“This working class came from all over. Eleven feet down, there was tableware manufactured in Philadelphia and coins not minted as money that also came from Philadelphia,” lead archeologist Heather Price said. “And from the ground surface all the way to 12 feet below, we found fancy serving platters … and many, many liquor bottles.”

19th c. plate depicting bear-baiting Twelve feet down, Price said, they found pieces of a tent that roaming miners might have used on their way up to Gold Country.

“The supercool stuff was 12 feet deep,” she said. “We got down to just immediately after the Gold Rush, like 1850 and maybe even late 1840s.”

At that time, the shoreline of San Francisco Bay was about 1½ blocks away. Then the 1906 earthquake and fire pulverized the homes, and the sand was leveled for industrial development.

The artifacts will be preserved, catalogued and stored at a lab for the foreseeable future. The new Transbay Transit Terminal Project, an enormous development covering more than 22 city blocks, plans to install new high speed rail lines around a Grand Central Station-like 1 million-square-foot hub called the Transbay Transit Center. Once the center is built — it’s scheduled to open in 2017 — the artifacts may go on permanent display there.

William Self Associates has done many of the required preliminary excavations to ensure the new construction doesn’t completely annihilate historical sites. They’ll be conserving the artifacts and planning the exhibit in the Transit Center as well as any additional museums within the TTT area.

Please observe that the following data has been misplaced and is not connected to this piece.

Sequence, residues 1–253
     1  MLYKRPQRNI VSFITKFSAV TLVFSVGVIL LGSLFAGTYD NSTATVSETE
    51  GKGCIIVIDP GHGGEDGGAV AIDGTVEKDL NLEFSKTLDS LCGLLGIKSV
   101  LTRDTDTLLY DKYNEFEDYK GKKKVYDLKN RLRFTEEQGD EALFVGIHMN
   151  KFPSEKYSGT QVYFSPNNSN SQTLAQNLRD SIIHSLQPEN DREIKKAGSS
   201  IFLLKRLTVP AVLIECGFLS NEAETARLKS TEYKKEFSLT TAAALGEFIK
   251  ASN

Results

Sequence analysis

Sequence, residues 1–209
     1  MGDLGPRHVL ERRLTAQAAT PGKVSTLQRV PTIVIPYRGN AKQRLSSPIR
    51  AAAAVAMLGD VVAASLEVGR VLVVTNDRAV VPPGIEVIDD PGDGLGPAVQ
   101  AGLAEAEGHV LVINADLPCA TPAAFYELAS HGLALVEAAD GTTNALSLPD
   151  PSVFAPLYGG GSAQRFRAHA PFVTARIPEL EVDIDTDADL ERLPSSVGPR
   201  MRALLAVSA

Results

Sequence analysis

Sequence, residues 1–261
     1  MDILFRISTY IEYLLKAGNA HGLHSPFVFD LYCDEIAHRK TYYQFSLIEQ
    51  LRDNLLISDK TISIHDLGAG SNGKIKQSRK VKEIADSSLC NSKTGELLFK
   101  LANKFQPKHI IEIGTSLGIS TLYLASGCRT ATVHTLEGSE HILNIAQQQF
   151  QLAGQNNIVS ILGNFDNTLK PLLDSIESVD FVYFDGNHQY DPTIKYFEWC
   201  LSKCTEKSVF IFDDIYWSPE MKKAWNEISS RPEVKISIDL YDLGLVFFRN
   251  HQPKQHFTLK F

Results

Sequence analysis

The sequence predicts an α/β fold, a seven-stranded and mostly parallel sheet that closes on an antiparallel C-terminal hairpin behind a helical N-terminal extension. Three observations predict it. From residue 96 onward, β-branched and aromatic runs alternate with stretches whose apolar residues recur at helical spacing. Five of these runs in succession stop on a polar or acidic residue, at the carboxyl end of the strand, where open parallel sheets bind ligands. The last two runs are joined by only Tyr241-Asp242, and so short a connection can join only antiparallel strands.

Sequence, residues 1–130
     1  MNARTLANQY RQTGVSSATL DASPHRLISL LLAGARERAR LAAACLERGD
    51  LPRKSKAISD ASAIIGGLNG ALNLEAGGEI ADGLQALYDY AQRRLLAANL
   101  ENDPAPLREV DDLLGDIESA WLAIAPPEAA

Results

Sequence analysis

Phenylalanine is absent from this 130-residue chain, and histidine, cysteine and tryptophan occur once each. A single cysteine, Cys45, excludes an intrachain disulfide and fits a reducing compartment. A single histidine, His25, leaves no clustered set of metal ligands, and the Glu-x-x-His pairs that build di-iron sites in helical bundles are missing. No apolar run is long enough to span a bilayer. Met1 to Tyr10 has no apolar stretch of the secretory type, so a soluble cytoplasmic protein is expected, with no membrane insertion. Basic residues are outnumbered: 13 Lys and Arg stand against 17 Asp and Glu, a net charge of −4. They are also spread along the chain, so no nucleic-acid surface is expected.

San Francisco harbor bristling with merchant ships, 1850-1851

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Norman Rockwell mural returns to Agriculture Dept.

January 5th, 2011

Who knew state Departments of Agriculture were such hotbeds of artistic controversy? Last week the Georgia agriculture commissioner said he’d remove murals depicting slavery. Now the Vermont agriculture commissioner is delighted to welcome back a Norman Rockwell photographic mural depicting Vermont’s most famed agricultural product. “Maple Sugaring in Vermont” is a black-and-white picture of men working maple trees around a sugar house. One of those men is Norman Rockwell himself.

Rockwell moved to Arlington, Vermont in 1939 and became fast friends with Chairman of the Vermont Sugar Makers Association, Colonel Henry Fairfax Ayres. The good Colonel was a World War I hero who retired to Vermont in 1937, invented new devices and processes that revolutionized maple sugaring, and was instrumental in getting grading standards for syrup enacted by the legislature. He rejoined the military after Pearl Harbor, retiring again in 1945 due to an injury he received on a PT Boat raid.

Agriculture commissioner Roger Albee views Norman Rockwell mural on Dept. of Ag's wallIn 1947, he commissioned his friend to make the 5-by-7-foot mural which Ayres then lent to the state for display.

The mural hung in the lobby of the state Agency of Agriculture building in Montpelier for years. In 1987, the state lent it to the Norman Rockwell Museum of Vermont because building renovations had displaced it.

At the Rutland museum, it came to anchor an exhibit popular with foliage-viewing visitors and Rockwell buffs. The state never sought to reclaim it.

But last year, Agriculture Secretary Roger Allbee — who knew of the loan from twin brother Ronald, who held the agriculture secretary job before him — began making inquiries at the museum.